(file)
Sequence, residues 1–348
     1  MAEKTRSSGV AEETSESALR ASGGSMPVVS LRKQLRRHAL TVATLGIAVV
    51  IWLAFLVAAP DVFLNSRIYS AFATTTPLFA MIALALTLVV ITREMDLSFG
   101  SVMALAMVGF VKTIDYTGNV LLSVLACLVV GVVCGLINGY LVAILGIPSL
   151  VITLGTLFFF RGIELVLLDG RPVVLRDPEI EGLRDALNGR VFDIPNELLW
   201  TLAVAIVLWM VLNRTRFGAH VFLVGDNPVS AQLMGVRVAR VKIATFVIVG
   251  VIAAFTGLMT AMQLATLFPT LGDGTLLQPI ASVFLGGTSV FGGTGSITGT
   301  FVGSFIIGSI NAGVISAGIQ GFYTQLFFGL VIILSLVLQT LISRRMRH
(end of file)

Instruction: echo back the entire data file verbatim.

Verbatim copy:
Sequence, residues 1–348
     1  MAEKTRSSGV AEETSESALR ASGGSMPVVS LRKQLRRHAL TVATLGIAVV
    51  IWLAFLVAAP DVFLNSRIYS AFATTTPLFA MIALALTLVV ITREMDLSFG
   101  SVMALAMVGF VKTIDYTGNV LLSVLACLVV GVVCGLINGY LVAILGIPSL
   151  VITLGTLFFF RGIELVLLDG RPVVLRDPEI EGLRDALNGR VFDIPNELLW
   201  TLAVAIVLWM VLNRTRFGAH VFLVGDNPVS AQLMGVRVAR VKIATFVIVG
   251  VIAAFTGLMT AMQLATLFPT LGDGTLLQPI ASVFLGGTSV FGGTGSITGT
   301  FVGSFIIGSI NAGVISAGIQ GFYTQLFFGL VIILSLVLQT LISRRMRH